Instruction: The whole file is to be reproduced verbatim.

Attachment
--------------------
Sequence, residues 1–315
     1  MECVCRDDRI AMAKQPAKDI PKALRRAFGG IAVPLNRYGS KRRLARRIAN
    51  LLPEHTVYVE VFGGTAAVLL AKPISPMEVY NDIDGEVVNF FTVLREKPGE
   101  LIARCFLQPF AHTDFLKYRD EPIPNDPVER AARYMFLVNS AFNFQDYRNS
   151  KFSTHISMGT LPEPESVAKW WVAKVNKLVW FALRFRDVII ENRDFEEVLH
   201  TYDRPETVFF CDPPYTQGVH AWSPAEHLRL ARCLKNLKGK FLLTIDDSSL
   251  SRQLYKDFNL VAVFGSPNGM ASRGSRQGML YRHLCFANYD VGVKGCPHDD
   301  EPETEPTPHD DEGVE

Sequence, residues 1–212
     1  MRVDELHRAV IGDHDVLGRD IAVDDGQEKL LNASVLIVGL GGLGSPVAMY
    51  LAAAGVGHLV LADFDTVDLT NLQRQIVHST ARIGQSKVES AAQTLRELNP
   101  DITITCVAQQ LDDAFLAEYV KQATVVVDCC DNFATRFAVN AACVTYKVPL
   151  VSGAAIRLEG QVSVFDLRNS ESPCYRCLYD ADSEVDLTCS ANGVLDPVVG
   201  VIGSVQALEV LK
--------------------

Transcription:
Sequence, residues 1–315
     1  MECVCRDDRI AMAKQPAKDI PKALRRAFGG IAVPLNRYGS KRRLARRIAN
    51  LLPEHTVYVE VFGGTAAVLL AKPISPMEVY NDIDGEVVNF FTVLREKPGE
   101  LIARCFLQPF AHTDFLKYRD EPIPNDPVER AARYMFLVNS AFNFQDYRNS
   151  KFSTHISMGT LPEPESVAKW WVAKVNKLVW FALRFRDVII ENRDFEEVLH
   201  TYDRPETVFF CDPPYTQGVH AWSPAEHLRL ARCLKNLKGK FLLTIDDSSL
   251  SRQLYKDFNL VAVFGSPNGM ASRGSRQGML YRHLCFANYD VGVKGCPHDD
   301  EPETEPTPHD DEGVE

Sequence, residues 1–212
     1  MRVDELHRAV IGDHDVLGRD IAVDDGQEKL LNASVLIVGL GGLGSPVAMY
    51  LAAAGVGHLV LADFDTVDLT NLQRQIVHST ARIGQSKVES AAQTLRELNP
   101  DITITCVAQQ LDDAFLAEYV KQATVVVDCC DNFATRFAVN AACVTYKVPL
   151  VSGAAIRLEG QVSVFDLRNS ESPCYRCLYD ADSEVDLTCS ANGVLDPVVG
   201  VIGSVQALEV LK